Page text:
14.6.3 Likelihood of an Arc-Tracking Event
    14.6.4 Prevention of Arc Tracking
    14.6.5 Verification of Protection and Management of Hazards
    14.6.6 Summary
    14.7 Corona Control in High-Voltage Systems
    14.7.1 Associated Environments
    14.7.2 Design Criteria
    14.7.3 Verification and Testing
    14.8 Extravehicular-Activity Considerations
    14.8.1 Displays and Indicators Used in Space
    14.8.2 Mating and Demating of Powered Connectors
    14.8.3 Single-Strand Melting Points
    14.8.4 Battery Removal and Installation
    14.8.5 Computer or Operational Control of Inhibits
    14.9 Spacecraft Electromagnetic-Interference and Electromagnetic-
    Compatibility Control
    14.9.1 Electromagnetic-Compatibility Needs for Space Applications
    14.9.2 Basic Electromagnetic-Compatibility Interactions and a
    Safety Margin
    14.9.3 Mission-Driven Electromagnetic-Interference Design:
    The Case for Grounding
    14.9.4 Electromagnetic-Compatibility Program for Spacecraft
    14.10 Design and Testing of Safety-Critical Circuits
    14.10.1 Safety-Critical Circuits: Conducted Mode
    14.10.2 Safety-Critical Circuits: Radiated Mode
    14.11 Electrical Hazards
    14.11.1 Introduction
    14.11.2 Electrical Shock
    14.11.3 Physiological Considerations
    14.11.4 Electrical Hazard Classification
    14.11.5 Leakage Current
    14.11.6 Bioinstrumentation
    14.11.7 Electrical-Hazard Controls
    14.11.8 Verification of Electrical-Hazard Controls
    14.11.9 Electrical-Safety Design Considerations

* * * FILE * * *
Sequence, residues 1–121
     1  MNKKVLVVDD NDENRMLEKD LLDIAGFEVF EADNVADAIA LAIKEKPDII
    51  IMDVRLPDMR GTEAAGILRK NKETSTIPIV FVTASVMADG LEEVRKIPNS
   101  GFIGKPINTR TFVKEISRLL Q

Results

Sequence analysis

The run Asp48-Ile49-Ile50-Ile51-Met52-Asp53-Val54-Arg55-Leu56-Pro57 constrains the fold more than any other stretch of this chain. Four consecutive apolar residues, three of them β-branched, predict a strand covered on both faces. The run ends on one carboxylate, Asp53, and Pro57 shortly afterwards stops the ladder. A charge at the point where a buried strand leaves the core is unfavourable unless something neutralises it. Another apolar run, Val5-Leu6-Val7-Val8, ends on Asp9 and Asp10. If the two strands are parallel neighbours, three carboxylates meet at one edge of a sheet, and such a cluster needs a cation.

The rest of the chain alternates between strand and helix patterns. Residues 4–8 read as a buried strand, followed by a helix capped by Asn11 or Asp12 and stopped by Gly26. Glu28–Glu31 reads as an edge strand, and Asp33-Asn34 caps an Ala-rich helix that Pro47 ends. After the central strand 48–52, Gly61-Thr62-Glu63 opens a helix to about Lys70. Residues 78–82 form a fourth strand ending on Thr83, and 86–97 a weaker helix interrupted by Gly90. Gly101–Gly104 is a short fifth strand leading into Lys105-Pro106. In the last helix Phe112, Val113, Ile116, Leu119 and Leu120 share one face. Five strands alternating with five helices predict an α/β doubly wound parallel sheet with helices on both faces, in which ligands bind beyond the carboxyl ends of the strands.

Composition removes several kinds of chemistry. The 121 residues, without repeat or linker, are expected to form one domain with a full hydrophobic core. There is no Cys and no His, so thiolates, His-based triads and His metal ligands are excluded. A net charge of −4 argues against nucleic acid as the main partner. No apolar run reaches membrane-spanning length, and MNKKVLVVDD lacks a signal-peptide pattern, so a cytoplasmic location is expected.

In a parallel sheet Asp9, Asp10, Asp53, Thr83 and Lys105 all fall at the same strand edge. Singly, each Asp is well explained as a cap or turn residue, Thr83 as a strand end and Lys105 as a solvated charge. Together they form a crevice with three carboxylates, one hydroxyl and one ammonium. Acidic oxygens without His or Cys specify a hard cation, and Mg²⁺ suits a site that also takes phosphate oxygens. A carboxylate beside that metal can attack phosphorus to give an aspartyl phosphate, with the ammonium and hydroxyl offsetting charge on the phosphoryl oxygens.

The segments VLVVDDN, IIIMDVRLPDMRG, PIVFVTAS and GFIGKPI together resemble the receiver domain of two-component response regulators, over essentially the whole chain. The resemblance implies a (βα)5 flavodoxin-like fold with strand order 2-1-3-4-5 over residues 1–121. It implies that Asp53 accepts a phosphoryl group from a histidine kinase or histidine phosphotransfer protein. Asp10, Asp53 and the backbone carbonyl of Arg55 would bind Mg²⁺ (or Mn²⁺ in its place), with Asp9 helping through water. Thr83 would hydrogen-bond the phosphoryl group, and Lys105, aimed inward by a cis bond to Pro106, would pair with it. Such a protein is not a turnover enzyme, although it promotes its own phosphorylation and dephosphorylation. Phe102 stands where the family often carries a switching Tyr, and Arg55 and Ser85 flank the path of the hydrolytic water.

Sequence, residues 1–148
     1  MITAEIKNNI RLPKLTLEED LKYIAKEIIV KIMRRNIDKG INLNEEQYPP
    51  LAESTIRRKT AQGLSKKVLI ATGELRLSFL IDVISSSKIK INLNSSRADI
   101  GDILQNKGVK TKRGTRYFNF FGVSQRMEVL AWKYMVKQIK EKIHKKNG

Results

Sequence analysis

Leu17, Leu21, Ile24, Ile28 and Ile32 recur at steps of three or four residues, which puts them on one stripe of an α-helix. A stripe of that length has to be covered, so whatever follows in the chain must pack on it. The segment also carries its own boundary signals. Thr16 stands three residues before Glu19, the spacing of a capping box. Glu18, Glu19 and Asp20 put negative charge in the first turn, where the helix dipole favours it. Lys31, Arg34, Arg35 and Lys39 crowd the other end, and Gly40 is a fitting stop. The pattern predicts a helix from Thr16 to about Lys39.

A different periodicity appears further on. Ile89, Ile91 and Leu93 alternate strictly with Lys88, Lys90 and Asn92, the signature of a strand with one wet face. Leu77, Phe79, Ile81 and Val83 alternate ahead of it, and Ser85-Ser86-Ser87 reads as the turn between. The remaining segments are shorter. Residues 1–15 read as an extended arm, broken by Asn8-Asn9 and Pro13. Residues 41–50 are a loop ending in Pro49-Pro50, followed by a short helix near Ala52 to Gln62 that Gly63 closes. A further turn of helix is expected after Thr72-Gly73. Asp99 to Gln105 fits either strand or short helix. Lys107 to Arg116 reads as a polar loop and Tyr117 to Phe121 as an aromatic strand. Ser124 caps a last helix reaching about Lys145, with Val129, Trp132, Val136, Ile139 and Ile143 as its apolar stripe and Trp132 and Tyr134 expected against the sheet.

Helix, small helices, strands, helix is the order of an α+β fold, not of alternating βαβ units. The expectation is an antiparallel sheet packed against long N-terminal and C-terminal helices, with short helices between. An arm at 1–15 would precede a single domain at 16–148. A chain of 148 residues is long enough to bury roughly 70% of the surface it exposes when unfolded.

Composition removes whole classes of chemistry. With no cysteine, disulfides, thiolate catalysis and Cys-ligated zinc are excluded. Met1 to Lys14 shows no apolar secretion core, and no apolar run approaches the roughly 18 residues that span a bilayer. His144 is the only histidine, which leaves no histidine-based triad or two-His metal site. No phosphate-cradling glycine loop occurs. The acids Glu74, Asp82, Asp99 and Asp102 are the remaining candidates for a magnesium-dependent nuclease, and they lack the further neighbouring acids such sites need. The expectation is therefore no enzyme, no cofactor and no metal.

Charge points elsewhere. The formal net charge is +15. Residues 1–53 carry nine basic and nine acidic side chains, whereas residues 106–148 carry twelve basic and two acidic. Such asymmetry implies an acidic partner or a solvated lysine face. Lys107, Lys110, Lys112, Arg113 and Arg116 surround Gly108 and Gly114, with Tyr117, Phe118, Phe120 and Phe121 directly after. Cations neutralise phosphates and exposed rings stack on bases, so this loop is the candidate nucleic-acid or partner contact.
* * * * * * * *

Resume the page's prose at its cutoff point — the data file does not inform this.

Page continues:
14.12 Avionics Lessons Learned
    14.12.1 Electronic Design
    14.12.2 Physical Design
    14.12.3 Materials and Sources
    14.12.4 Damage Avoidance
    14.12.5 System Aspects
    15 Software-System Safety
    15.1 Introduction
    15.2 The Software Safety Problem
    15.2.1 System Accidents
    15.2.2 The Power and Limitations of Abstraction from Physical Design
    15.2.3 Reliability versus Safety for Software
    15.2.4 Inadequate System Engineering
    15.2.5 Characteristics of Embedded Software
    15.3 Current Practice
    15.3.1 System Safety
    15.4 Best Practice
    15.4.1 Management of Software-Intensive, Safety-Critical Projects
    15.4.2 Basic System Safety-Engineering Practices and Their
    Implications for Software-Intensive Systems
    15.4.3 Specifications
    15.4.4 Requirements Analysis
    15.4.5 Model-Based Software Engineering and Software Reuse
    15.4.6 Software Architecture
    15.4.7 Software Design
    15.4.8 Design of Human-Computer Interaction
    15.4.9 Software Reviews
    15.4.10 Verification and Assurance
    15.4.11 Operations
    15.5 Summary
    16 Battery Safety
    16.1 Introduction
    16.2 General Design and Safety Guidelines
    16.3 Battery Types
    16.4 Battery Models
    16.5 Hazard and Toxicity Categorization
    16.6 Battery Chemistry
    16.6.1 Alkaline Batteries
    16.6.2 Lithium Batteries
    16.6.3 Silver Zinc Batteries
    16.6.4 Lead Acid Batteries